“We maintain that we have won the presidential election outright without the need for a run-off,” Movement for Democratic Change General Secretary Tendai Biti told a news conference on Wednesday, according to The Associated Press.
Official results for the presidential race have not been published by the election commission. In the parliamentary election, results gave 105 seats to the Movement for Democratic Change or MDC and 94 seats to Mugabe’s Zimbabwe African National Union Patriotic Front, or ZANU-PF.
Nine seats went to a breakaway party and one went to an independent. Even if ZANU-PF wins all the remaining seats, it will not win enough to hold a majority in the 210-seat parliament.
Mugabe’s aides dismissed the MDC claim, hinting the opposition could be penalized for publishing its own tallies, according to Reuters.
Deputy Information Minister Bright Matonga told Sky television: “President Mugabe is going nowhere. We are not going to be pressurized into anything.”
Mugabe, a former guerilla leader known for his fierce rhetoric, has ruled Zimbabwe since the country’s independence from Britain. His party has been accused of past vote-rigging to maintain his hold over the country. In 2000, Mugabe launched a land redistribution campaign to turn white-owned farms over to blacks, a move that was blamed for sending the country into a downward economic spiral. As a result, 2008 inflation is estimated at 100,000 percent, unemployment is at 80 percent and a third of the country depends on imported food handouts.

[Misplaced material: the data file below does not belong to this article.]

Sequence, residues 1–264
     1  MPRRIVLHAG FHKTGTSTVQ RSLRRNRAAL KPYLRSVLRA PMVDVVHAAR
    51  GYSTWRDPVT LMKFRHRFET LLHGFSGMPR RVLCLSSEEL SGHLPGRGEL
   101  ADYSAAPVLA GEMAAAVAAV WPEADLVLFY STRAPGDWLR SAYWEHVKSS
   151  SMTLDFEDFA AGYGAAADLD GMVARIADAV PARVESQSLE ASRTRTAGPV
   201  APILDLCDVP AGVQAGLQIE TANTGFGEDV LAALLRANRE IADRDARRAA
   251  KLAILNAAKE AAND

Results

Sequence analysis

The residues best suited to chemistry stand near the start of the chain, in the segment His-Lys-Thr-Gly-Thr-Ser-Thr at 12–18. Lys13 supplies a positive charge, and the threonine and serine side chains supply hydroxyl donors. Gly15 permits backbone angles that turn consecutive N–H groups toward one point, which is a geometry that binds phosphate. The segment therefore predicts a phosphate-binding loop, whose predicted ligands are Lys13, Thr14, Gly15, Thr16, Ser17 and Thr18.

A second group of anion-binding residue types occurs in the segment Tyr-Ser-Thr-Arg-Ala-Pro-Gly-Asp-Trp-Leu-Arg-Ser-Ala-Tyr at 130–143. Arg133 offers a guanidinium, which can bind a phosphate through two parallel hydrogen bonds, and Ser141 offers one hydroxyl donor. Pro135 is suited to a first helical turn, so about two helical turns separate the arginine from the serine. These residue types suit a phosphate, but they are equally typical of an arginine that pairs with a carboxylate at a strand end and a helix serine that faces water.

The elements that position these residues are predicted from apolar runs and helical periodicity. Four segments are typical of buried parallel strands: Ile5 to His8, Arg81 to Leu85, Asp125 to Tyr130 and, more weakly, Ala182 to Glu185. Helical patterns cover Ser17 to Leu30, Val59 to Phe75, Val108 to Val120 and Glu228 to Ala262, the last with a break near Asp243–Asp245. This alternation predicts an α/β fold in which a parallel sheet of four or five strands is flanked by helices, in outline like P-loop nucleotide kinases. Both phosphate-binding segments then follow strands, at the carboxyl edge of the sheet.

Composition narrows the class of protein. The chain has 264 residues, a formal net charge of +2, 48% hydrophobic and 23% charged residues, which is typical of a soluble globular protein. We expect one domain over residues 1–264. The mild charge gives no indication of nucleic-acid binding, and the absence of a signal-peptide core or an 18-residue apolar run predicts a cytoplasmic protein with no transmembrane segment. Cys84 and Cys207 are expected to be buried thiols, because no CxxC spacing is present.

His party was also accused of rigging the 2002 presidential election between Mugabe and MDC leader Morgan Tsvangirai, after votes for Mugabe poured in at the last-minute to hand him a victory, overcoming an early lead for Tsvangirai.
In the 2008 results, Biti said Tsvangirai won 50.3 percent of the vote compared to 43.8 percent for Mugabe but was unable to confirm these percentages with numbers of votes.
To avoid a repeat of 2002, MDC observers photographed the vote tallies at each polling station as results were posted.
“Robert Mugabe has said he’s an honest man,” Tsvangirai said in a Tuesday evening press conference. “I hope that when results are announced it’s a true reflection of the vote and that there’s no reason to investigate fraudulent activities.”
A run-off will be held if neither candidate secures 50 percent of the vote and must be conducted within 21 days of the first round. The third candidate, independent Simba Makoni, pulled votes from both parties and would not participate in the runoff.
Biti claimed Tsvangirai won an absolute victory and a run-off was not required, but said his party would participate in a run-off “under protest.”
On Tuesday, there were rumors that the two parties were in talks for Mugabe to step down and transfer power to the opposition, but Tsvangirai and the government denied these claims.
The United States weighed in on the situation from Bucharest where President Bush is attending a NATO summit. “We continue to monitor the situation and expect the will of the people of Zimbabwe to be respected,” White House spokesman Gordon Johndroe said.